Manhwa is the indigenous term for comics in South Korea, just as Japanese comics are known at home as manga and the French know them as BD.
The city of Bucheon holds the Korean Comics Museum, the Cartoon Information Center (a disused industrial plant repurposed to hold over 40,000 crossindexed graphic novels), and is the location of an annual comics festival. The government, I've read, created a Korean Culture Contents Association, intended to support the spread of manhwa worldwide. Hell, there's a Korea Cartoonist's Association. Previously known for bootlegging manga -- and that's apparently still a big chunk of the annual publishing volume -- the general resurgence in the arts in South Korea seems to have buoyed comics up with it. There are thousands of graphic novel rental outlets, and online comics have been developed to take advantage of the boom in internet-cafe ("PC Room") activity.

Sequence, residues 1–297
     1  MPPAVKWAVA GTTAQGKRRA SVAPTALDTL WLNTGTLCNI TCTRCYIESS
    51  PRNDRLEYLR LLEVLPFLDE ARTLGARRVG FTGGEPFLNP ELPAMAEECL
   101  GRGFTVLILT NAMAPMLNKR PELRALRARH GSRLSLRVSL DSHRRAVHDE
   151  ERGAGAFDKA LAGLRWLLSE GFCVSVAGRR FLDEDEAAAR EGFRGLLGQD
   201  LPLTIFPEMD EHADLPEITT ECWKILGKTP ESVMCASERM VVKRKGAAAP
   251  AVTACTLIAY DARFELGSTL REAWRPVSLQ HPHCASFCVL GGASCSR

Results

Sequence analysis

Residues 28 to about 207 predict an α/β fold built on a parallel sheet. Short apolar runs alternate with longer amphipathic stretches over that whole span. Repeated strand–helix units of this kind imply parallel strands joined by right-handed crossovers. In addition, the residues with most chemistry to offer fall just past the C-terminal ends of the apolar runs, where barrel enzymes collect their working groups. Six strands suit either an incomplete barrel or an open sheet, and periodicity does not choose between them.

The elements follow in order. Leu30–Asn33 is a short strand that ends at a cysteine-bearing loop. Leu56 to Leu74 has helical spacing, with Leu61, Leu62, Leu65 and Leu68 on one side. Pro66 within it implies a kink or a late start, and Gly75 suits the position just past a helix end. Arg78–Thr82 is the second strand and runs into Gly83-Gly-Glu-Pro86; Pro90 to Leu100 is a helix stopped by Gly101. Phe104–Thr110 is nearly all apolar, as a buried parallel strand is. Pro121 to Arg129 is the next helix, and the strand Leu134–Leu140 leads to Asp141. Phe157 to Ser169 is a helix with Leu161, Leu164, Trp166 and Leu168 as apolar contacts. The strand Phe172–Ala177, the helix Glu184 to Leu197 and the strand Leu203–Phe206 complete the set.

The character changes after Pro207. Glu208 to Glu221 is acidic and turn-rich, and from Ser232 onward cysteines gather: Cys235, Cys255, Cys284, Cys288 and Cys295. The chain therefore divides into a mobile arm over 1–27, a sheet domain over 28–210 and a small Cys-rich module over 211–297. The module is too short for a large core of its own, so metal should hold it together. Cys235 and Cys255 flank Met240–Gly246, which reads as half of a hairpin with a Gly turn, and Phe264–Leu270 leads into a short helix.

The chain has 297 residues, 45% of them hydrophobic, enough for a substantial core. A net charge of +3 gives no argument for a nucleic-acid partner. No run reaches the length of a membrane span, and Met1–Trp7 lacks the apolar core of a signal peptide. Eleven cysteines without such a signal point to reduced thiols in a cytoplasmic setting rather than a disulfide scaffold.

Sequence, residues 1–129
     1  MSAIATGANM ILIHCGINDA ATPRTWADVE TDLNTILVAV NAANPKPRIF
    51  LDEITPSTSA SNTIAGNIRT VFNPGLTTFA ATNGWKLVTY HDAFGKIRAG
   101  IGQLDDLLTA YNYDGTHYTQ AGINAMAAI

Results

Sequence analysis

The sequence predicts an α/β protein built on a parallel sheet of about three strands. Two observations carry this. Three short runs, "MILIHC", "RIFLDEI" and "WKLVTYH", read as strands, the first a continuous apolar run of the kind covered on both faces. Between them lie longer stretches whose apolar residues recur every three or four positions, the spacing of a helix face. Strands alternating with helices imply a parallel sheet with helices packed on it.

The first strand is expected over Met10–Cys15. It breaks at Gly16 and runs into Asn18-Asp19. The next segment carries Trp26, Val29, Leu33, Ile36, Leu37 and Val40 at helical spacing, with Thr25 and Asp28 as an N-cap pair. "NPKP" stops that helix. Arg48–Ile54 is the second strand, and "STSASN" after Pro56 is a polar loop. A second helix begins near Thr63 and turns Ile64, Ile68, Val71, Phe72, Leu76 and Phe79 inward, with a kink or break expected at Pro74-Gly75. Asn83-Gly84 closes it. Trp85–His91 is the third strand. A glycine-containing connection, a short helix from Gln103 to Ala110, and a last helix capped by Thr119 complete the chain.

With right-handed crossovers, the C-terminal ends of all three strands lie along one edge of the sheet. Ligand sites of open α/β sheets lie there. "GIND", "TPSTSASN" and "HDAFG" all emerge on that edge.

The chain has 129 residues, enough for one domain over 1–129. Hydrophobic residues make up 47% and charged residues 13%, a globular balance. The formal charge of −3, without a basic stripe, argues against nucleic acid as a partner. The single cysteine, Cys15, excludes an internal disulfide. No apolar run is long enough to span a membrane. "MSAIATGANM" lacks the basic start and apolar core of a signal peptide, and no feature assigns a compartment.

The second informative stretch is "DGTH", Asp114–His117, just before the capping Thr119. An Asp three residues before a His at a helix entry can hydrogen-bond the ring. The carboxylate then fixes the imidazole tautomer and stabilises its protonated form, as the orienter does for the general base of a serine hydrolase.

Korean comics are now entering the Anglophone market in translated editions. I think Curtis Comics and Comicsone are currently involved in bringing manhwa to America.
But I wanted to get a look at the sort of thing available in South Korean graphic novel stores right now. A very kind person called Pat Spacek, living and working in South Korea today, scanned a pile of that week's acquisitions for me. A comedy book. A baseball "melodrama," a romance comic for girls, and something called "Deerger", of which Pat says: "My personal favourite. I have no idea what the fuck this is."
Consider them snapshots of another world.
And thanks, Pat.